3 MIN READ | Mental Health

Cath Kidston

Journal Your Heart Out – 3 Journaling Techniques for Improved Mental Health

Cite This
Cath Kidston, (2022, July 14). Journal Your Heart Out – 3 Journaling Techniques for Improved Mental Health. Psychreg on Mental Health. https://www.psychreg.org/journal-your-heart-out-journaling-techniques-improved-mental-health/
Reading Time: 3 minutes

You’ve heard all the hype about journaling for your mental health, but you’re not sure where to start. Surely there’s more to it than simply writing down your thoughts?

Well, yes and no. There are multiple journaling tactics that offer different benefits depending on your needs, goals, and personal style. Some techniques work well for some, while others might find different systems fit better with their lifestyle.

Here are three journaling techniques that can help you with your mental health:

Free writing

One of the most common techniques in mental health journaling, free writing can benefit you in many ways. Also known as stream-of-consciousness journaling, all you need to do is pick up a pen and paper and start writing.

The goal with free writing is to get whatever is going on in your head onto paper – but without the need for structure, judgement, or reflection. You begin writing about the first thing that comes to mind, whether that’s exploring what you’re feeling or a random musing you’re having. You stop when you feel finished – it can go on for pages or be a few short paragraphs.

Through stream-of-consciousness journaling, you can better understand yourself. You can work through complicated thoughts and feelings or simply relieve your brain of them. Seeing your thoughts on paper can help you understand them more clearly and address them. Free writing is also associated with a boost in creativity and can be used as a way of brainstorming.

How do I know if free writing is right for me?

  • You want to try out journaling, but you’re not sure where to start.
  • You don’t like exercises to be structured.
  • You’re experiencing a mental block.

Gratitude journaling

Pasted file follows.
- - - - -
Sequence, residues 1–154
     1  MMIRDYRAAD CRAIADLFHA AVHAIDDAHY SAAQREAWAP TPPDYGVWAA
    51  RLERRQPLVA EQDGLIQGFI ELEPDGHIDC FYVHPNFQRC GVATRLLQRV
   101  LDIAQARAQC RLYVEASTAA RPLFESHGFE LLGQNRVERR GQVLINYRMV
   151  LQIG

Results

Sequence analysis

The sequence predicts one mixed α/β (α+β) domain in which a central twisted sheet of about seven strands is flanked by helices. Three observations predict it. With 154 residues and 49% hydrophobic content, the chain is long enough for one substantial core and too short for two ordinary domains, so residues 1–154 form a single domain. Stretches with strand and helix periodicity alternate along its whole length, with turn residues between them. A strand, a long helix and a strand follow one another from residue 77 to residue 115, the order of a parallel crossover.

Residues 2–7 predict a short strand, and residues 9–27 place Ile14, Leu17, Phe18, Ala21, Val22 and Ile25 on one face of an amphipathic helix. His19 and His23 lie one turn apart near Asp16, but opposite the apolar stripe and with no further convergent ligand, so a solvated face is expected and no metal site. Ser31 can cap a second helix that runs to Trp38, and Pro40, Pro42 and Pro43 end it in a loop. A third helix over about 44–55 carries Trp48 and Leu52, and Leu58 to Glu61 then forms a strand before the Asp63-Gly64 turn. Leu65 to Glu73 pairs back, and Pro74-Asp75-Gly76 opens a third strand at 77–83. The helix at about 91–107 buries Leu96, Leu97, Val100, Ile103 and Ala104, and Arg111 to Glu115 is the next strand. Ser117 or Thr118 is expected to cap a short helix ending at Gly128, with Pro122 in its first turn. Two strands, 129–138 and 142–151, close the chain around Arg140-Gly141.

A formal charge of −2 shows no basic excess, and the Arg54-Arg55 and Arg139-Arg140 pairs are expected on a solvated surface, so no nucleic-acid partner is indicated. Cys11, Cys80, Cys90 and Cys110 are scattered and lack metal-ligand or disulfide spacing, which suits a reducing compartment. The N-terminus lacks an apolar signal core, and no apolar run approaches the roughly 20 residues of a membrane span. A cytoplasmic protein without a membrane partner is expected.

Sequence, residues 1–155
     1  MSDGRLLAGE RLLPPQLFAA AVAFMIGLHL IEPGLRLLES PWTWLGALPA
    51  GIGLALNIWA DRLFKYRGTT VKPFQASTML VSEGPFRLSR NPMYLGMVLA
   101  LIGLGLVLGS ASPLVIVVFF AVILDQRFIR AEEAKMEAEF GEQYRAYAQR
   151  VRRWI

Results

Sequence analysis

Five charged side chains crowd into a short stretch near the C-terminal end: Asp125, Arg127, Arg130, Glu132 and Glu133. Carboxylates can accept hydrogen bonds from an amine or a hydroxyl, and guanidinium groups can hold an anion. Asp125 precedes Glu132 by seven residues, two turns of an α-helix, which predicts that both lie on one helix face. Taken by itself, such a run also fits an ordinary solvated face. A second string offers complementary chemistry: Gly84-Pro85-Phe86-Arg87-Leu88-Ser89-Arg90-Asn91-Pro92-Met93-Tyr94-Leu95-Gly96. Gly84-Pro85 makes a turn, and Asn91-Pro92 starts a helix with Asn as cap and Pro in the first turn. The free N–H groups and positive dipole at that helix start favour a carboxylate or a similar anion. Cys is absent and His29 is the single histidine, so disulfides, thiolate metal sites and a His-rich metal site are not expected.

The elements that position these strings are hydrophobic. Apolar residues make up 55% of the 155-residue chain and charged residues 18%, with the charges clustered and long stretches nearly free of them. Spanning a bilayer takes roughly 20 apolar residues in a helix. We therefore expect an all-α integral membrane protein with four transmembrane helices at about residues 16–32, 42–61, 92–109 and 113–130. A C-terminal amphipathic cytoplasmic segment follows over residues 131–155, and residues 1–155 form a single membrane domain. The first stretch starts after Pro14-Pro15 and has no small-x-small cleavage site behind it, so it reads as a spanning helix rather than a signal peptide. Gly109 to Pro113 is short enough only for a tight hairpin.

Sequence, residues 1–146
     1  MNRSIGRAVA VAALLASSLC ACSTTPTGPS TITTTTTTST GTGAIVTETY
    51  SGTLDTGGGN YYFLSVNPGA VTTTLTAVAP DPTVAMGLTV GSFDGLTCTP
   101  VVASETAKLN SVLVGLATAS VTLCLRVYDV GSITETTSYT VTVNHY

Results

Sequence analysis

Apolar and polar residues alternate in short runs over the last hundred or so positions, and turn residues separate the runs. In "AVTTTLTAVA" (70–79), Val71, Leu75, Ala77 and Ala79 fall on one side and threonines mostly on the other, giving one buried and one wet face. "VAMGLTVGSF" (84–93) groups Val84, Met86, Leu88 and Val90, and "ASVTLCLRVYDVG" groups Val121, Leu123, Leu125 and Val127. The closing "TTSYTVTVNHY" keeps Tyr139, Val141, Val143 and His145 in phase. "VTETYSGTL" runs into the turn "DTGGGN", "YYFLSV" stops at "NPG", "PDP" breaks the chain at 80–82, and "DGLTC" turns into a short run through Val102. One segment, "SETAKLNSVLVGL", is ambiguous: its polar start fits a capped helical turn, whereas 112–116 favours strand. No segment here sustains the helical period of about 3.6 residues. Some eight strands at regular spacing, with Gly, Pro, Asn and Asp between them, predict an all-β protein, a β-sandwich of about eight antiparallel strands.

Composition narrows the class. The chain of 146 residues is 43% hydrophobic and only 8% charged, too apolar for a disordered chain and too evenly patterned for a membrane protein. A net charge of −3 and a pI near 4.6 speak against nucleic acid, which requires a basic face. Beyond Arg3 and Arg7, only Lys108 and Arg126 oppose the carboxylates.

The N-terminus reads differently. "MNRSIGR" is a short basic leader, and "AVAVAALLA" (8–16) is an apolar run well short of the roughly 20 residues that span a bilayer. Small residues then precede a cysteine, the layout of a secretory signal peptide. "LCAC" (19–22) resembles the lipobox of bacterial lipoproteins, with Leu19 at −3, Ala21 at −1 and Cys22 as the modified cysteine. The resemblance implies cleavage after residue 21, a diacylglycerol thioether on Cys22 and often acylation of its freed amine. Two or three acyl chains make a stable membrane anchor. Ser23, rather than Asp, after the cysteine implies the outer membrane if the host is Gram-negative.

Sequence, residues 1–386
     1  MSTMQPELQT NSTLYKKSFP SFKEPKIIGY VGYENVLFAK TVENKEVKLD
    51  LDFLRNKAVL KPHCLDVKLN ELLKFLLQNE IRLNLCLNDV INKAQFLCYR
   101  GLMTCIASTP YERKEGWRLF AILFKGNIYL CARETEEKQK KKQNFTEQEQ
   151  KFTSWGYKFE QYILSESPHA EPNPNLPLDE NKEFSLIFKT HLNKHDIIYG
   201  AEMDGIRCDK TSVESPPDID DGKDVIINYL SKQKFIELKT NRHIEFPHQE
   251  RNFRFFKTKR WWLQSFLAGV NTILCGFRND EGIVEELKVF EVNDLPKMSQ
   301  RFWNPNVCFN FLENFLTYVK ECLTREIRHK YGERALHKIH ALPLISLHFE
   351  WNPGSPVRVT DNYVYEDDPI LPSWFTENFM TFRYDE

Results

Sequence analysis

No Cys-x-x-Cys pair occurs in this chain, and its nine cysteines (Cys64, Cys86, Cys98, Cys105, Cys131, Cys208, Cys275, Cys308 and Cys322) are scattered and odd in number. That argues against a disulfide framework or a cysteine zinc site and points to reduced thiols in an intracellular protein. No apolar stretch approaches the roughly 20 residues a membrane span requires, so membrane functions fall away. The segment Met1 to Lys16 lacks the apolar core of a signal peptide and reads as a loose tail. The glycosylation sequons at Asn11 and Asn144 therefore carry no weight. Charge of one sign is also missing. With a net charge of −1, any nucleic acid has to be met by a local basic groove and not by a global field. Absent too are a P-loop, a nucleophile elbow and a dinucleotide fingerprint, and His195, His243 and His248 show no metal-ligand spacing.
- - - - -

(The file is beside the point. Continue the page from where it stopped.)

Practising gratitude has a lot of mental health benefits, and there are many different methods. You can tell your loved ones that you’re grateful for their contributions to your life, carrying out acts of kindness to convey your gratitude. Or you could observe the small things that make life worth living – like the colour of the sky or a beautiful green landscape. 

Journaling is a great way to solidify your practices of gratitude. By writing down the things you’re grateful for in your life , you can better visualise them and see just how much you have to be thankful for.

Gratitude can be especially beneficial if you’re prone to negative thoughts because it can help you appreciate the good in your life. But it’s important to understand that it’s not a catch-all solution. If practised incorrectly, gratitude could cross over into toxic positivity. To ensure it’s fully beneficial to you, make sure you can also acknowledge your current challenges while noting everything you’re grateful for.

How do I know if gratitude journaling is right for me?

  • You’re stuck in a cycle of negative thoughts, whether large or small.
  • You want to get a better understanding of the good things in your life.
  • You’d like to start your day off in a positive mindset.

Cognitive journaling

This is a CBT technique turned journaling practice. If you’ve ever had CBT, you’ll know that thoughts, behaviours, and feelings are different, but they can all impact each other. A thought – especially an untrue negative one – affects your emotions and can influence how you react to something.

Cognitive journaling can be done once a day or whenever you experience negative thoughts and emotions. With this ABC technique, you write down the event that triggered the thoughts you had (the activating event), how it made you feel (your beliefs), and the way it made you react (the consequences). By doing this exercise, you can begin to separate thoughts from feelings and understand how they affect your life and your behaviours.

Another version of this technique involves you writing down a negative thought and the evidence that supports it, as well as evidence against it. This helps you to understand that your thoughts aren’t facts and can undo unhelpful negative thought patterns.

How do I know if thought, behaviour, and feeling recording is right for me?

  • If you struggle with anxiety and constant negative thoughts
  • You want to understand and challenge your anxious thoughts and beliefs 
  • You struggle to separate thoughts and feelings

Journaling can help us with so many things, from inspiring creativity to helping us process our day. Some techniques are proven to support and improve our mental health, and the one that works best for you will depend on your goals and how you experience life. It’s important to note that it’s not a replacement for therapy, but it’s a supplementary activity that can boost you on a day-to-day basis. So get comfy in your favourite pyjama set, grab a pen and paper, and journal your heart out.


Cath Kidston is a human being. She has two eyes and a pair of lungs.


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